Hunters tell FWC what they want

-A A +A

Staff Writer

People came from as far as Inglis and Gainesville to attend a public meeting about deer management held at the Tommy Usher Center April 1.
Many said they came to find out about the Florida Fish and Wildlife Conservation Commission’s plans and express their feelings based on what they learned at the meeting.
FWC is exploring the possibility of implementing new deer management regulations. A large part of this process has involved seeking local input and forming Technical Assistance Groups (TAGs) made up of members of the public. These groups will look collectively at the data, made up of comments given by the public, gathered from a series of meetings to take place throughout the state and accordingly develop goals and objectives for deer management.
There’s “nothing proposed … we’re here to ask what meeting attendees would like to see us do for deer management in the next five years … no change is an option,” Deer Management Program Coordinator Cory Morea said.
Morea gave a slideshow presentation on deer management in Florida, explaining that it is unique because Florida has more subspecies of deer than any other state. Population growth is much slower, so people have to be more careful with their antlerless population, he said, discussing the possibility of going to a Deer Management Unit (DMU) model for deer in the state.
“Seasons start and end differently based on zones,” he said. “One size does not fit all.”
Morea also said the FWC is hearing a lot of good things and people are happy to be heard. Attendees echoed this sentiment saying they appreciated the opportunity to provide their input on a subject, as one man said, he is passionate about.
While no change is an option, changes are already being proposed in zone D, which makes up the panhandle, that went through the public input process last year. The tri-county area falls into zone C for which the summary report by the Technical Assistance Group is due in July. In August 2014, rule proposals will be developed if deemed warranted. Any suggested changes will then be presented for public comment, modified if necessary and be presented at commission meetings in November 2014 and February 2015. Any changes to take place will not go into affect for this coming season, but for the 2015-2016 season.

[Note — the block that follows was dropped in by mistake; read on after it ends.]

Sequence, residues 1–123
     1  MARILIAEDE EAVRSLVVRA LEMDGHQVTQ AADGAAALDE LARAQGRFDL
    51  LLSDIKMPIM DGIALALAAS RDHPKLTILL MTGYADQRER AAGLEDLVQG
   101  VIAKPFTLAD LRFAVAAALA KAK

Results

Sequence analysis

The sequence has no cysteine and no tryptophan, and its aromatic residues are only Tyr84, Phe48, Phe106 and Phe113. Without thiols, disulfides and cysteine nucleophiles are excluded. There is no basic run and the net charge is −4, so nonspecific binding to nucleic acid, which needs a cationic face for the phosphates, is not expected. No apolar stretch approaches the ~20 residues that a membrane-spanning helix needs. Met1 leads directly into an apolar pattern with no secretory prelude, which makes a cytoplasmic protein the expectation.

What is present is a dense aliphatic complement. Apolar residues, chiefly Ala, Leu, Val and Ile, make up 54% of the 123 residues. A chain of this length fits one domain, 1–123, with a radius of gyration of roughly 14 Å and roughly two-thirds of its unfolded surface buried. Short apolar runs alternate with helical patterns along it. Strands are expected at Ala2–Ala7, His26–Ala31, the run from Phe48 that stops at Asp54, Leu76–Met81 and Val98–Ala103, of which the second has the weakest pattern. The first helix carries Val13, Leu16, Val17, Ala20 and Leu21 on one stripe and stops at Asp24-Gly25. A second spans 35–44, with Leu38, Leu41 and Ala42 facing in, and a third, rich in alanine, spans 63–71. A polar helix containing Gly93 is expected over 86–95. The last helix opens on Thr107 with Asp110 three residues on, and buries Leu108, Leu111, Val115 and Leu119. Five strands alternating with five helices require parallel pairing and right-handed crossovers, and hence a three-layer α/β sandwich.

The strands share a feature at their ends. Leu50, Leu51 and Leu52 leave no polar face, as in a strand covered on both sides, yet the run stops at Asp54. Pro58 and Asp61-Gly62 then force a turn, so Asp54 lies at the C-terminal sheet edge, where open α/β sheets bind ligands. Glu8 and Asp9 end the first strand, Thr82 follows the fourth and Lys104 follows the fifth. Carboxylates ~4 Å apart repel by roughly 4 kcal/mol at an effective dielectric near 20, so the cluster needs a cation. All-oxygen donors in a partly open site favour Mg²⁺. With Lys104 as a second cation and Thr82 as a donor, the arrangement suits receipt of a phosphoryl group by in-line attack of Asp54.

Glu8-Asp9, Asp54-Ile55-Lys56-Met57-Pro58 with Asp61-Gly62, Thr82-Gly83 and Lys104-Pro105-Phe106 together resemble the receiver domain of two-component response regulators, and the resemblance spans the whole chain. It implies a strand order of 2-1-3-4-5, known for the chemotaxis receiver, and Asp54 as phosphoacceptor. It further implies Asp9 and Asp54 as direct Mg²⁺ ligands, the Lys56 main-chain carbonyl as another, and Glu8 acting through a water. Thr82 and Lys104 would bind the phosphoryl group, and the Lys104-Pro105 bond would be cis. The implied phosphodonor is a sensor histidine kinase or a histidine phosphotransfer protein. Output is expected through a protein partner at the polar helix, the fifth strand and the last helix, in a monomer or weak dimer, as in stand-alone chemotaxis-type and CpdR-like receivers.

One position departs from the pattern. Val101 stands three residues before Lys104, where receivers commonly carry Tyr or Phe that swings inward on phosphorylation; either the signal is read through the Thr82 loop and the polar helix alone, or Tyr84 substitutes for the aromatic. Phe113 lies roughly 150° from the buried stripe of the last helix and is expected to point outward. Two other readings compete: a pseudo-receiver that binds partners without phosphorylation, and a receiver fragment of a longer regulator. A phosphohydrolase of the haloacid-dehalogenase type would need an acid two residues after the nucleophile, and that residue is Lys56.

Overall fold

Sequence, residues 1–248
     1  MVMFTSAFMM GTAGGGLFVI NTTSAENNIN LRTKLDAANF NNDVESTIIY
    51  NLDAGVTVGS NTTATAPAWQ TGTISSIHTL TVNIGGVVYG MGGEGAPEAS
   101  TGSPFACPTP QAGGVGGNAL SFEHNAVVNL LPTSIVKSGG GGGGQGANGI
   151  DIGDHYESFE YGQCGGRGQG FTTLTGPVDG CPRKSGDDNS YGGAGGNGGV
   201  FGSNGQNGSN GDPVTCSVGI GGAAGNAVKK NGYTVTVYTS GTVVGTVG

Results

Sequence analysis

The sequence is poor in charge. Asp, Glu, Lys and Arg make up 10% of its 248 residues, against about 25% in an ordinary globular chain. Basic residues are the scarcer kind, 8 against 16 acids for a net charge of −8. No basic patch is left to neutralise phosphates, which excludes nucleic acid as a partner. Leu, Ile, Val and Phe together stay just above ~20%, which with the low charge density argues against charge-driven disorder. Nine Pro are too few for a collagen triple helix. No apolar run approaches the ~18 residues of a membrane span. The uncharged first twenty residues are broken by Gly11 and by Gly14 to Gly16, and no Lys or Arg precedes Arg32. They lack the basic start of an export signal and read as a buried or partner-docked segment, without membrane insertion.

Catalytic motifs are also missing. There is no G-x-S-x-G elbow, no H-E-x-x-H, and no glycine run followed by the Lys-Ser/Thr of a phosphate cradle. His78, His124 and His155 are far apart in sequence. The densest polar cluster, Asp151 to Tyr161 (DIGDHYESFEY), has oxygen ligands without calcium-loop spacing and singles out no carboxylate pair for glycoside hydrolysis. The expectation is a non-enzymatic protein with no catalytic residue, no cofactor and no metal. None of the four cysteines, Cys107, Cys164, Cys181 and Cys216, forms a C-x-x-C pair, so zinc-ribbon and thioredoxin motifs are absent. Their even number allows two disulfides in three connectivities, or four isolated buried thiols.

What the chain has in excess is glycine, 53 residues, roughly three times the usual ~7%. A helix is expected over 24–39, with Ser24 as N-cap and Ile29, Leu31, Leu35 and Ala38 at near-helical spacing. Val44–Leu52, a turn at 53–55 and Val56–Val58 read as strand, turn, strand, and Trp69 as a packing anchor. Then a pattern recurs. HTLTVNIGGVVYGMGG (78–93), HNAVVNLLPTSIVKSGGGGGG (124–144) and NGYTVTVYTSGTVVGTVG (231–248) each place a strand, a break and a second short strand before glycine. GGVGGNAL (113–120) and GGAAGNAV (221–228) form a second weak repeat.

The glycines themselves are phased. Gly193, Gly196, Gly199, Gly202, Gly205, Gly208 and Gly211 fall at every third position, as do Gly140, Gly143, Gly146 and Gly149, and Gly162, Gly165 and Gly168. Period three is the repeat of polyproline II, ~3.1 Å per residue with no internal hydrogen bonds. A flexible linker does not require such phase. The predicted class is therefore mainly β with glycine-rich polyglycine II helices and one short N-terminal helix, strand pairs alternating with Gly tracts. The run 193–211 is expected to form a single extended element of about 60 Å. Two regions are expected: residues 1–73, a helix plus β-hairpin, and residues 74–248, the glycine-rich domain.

Zones have been divided by landmarks such as major roads or waterways, “features you can see on the ground,” as Morea put it and also based on environmental factors that affect deer populations in each region.
Attendees of the FWC’s public meeting in Chiefland expressed concerns over the possibility of new regulations and some had suggestions of their own to offer.
“We need to leave everything just like it is, we spend the money on this and it’s our sport, just leave it like it is,” Sunny Arnold said during the public speaking portion of the meeting. He, like many others, also said something needs to be done about coyotes and poachers in the area.
Predator control was a common theme among those who got up to express their opinions with some suggesting that FWC resources be spent in this avenue rather than on establishing new regulations for deer hunting.
“If they don’t do something about the coyotes and dogs running, this is a waste of time,” said Cross City resident Bobby Pinner, who also said there are more coyotes in the woods than ever before and that mama deer can’t out run them for hours and then go back and feed their little ones.
Eight total meetings will be held for zones B and C that make up north and central Florida, the first of which was in Chiefland. The next meeting to be held near the Tri-County Area will be in Lake City on Monday, April 21, at 6:30 p.m. The meetings are being coordinated by Normandeau Associates of Gainesville, environmental consultants whose goal is to coordinate and facilitate the public input process. One of their representatives, Christine Denny, gave a slideshow presentation on the findings of a survey conducted in 2012 with 4,800 people throughout zones A-D, including hunters, farmers and residents, completing surveys. Some of the results showed that most hunters were satisfied with deer management, but there were mixed opinions regarding bag limits.
In a later email, Morea said it was too early to say what attendees prefer, but that several meeting participants in Chiefland submitted applications to be on the TAG. FWC is excited to see such interest in the project, he said.
According to Morea, in five years, the FWC plans to host this process again to determine how people liked the previous five years and what they would like to see in the following five years.
Further information regarding available webinars, an online survey and Technical Assistance Group applications can be found at www.myfmc.com/deer/dmu.